Surviving Your Child’s “Terrific Twos”

Yes, you read correctly, this is the terrific twos, not the terrible twos. This is a terrific time as your two year-old if gaining independence, is learning how to be a person separate from you. Your two year-old is testing their wings and seeing what they can do ALL ON THEIR OWN! They are gaining their own voice! Isn’t this terrific!! You are watching your two year-old’s personality take shape right before your eyes; your little butterfly is emerging!

As terrific as this stage is, it is not an easy stage, so here are some survival tips.

  1. OFFER CHOICES. Your two year-old is wanting to feel the power and control that they are gaining over their world. Give them this power in appropriate places by letting them make choices, “Do you want to have your story before bath time or after bath time?” “Do you want to wear your red dress or your blue dress?” Do not give choices like “Do you want to watch TV or have a nap?” A good rule of thumb is to give a choice when you can live with whatever the answer is.
  2. GIVE THEM RESPONSIBILITIES. Two year-olds love to be helpers. They love to get jobs to do. It makes them feel powerful and also shows them that their contribution in the family is valuable. Give them the job of putting the napkins out at dinner time at each place setting. This is also getting them to do some pre-math skills – one to one correspondence.
  3. ENCOURAGE. Encourage all positive behaviour that your child displays. Encouragement is specific and sincere. “Thank you for helping me set the table. That was a big help!” “Good job!” on it’s own is not encouragement as it is not specific. Being specific is an important part of encouragement. Beware: Do not encourage behaviour that you do not want repeated  – “Wow! That was a really loud yell.” – will only lead to way more of those yells!
  4. CORRECT, CORRECT, CORRECT. You are constantly having to correct your two year-old’s behaviour. They are not able to understand consequences yet as they have not reached the age of reason. This means “Sand is not for throwing, you may put sand in the dump truck.” If your child continues to throw sand, you will have to take your child out of the sandbox for a bit and then try again. If it repeats, it is time to go home. They are constantly testing limits and you are constantly correcting and setting limits.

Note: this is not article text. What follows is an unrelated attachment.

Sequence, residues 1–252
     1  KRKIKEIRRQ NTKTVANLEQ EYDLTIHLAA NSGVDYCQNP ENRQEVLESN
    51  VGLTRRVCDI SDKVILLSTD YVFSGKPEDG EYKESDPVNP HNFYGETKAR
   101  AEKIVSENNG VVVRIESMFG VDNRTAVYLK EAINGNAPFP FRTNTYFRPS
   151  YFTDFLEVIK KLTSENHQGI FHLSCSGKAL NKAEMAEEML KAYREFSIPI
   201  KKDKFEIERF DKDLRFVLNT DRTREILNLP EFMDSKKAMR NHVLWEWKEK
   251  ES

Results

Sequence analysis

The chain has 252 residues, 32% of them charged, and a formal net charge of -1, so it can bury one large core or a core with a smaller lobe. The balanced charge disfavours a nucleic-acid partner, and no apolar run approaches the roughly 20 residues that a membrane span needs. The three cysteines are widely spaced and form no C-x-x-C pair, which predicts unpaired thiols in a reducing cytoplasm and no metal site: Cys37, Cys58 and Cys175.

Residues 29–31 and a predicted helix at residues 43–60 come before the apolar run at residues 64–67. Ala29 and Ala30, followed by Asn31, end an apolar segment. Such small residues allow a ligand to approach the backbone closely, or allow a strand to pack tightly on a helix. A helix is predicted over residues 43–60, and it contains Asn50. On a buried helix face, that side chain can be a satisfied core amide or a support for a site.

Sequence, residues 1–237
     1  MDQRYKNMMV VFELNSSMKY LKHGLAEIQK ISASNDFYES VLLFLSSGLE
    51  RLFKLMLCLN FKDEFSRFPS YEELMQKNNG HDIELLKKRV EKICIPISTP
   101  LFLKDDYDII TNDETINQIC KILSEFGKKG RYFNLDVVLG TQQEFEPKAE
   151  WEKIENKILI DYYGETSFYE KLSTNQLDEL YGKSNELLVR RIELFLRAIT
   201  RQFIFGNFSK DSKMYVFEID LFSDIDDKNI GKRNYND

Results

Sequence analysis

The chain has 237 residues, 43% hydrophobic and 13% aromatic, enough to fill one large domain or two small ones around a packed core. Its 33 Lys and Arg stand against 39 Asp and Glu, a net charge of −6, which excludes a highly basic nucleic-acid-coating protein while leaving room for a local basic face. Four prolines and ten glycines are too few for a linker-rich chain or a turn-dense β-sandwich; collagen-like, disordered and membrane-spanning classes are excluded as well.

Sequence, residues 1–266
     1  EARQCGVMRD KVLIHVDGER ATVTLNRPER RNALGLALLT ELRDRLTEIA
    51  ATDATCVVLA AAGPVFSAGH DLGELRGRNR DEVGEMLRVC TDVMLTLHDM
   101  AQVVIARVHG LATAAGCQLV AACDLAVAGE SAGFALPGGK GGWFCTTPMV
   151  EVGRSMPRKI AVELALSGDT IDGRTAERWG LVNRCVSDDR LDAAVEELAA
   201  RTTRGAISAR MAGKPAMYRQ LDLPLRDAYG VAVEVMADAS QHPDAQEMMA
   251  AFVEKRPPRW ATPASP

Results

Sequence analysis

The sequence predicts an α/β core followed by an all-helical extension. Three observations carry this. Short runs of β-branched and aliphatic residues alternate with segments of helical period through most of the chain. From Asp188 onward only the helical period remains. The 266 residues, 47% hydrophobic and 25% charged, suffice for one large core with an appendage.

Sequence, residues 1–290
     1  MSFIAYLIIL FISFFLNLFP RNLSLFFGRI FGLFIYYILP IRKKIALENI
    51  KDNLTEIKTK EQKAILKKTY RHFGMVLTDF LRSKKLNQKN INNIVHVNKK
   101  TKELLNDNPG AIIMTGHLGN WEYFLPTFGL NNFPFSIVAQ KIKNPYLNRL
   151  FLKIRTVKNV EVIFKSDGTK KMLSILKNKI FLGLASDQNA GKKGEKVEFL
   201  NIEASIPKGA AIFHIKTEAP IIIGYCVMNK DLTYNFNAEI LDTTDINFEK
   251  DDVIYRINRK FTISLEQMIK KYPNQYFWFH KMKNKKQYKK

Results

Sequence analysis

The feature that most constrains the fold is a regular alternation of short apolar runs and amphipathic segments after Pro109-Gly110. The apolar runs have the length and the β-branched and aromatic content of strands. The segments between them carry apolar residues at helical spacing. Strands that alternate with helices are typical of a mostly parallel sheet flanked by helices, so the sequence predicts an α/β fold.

5. CONNECTION BEFORE CORRECTION. It is important to connect with your child before correcting a behaviour. Connecting as in the above example or throwing sand may be as simple as putting your hand on your child’s shoulder while making the statement or if a child is biting you may say, “I love you but I don’t like the biting.”



  6. SLEEP. Make sure that your two year-old gets enough sleep, including naps. Most two year-olds still need naps at this age. Keep sleep routines regular.
  7. FOOD. Make sure that your two year-old is getting enough to eat. This means snacks during the day. Some two year-olds are grazers so make sure that there are always healthy snacks out for your child to eat. Low blood sugar will lead to moodiness and irritability.
  8. IGNORE. Ignore negative behaviours after you have taught the correct behaviour and encourage positive ones. If your child continually eats with their hands when you know they know how to eat with utensils, ignore the behaviour as it may be a way of getting negative attention. Wait until they eat with utensils to encourage this with an encouraging statement or use encouragement on another person at the table who is using utensils. “Way to go Daddy! You are using your fork to eat!” Watch how quickly your two year-old picks up their utensils!
  9. CONNECT. Connect with other parents and build a network. Join a group if you aren’t already part of one. Get to know parents with two year-olds so that you can arrange play dates as well as see that other parents are having the same struggles as you are.
  10. STAY COOL. This is easier said than done but do try to stay calm and be patient. Do lots of counting to 10 and breathing! These little people are learning so much and depend on you to teach them. This is draining so take care of yourself so that you can be the best parent to your little one. Make sure you get a chance to recharge your batteries.
  11. ATTEND PARENTING CLASSES. Taking a parenting class is a great way to meet other parents and share struggles as you hone your parenting skills. Parenting classes are invaluable.

    Help! My Kid Didn't Come With an Owner's Manual.

    Help! My Kid Didn’t Come With an Owner’s Manual.

It is amazing how quickly these years pass and remember that this too shall pass. Keep reminding yourself that there is light at the end of the tunnel. Keep smiling!

2 thoughts on “Surviving Your Child’s “Terrific Twos”

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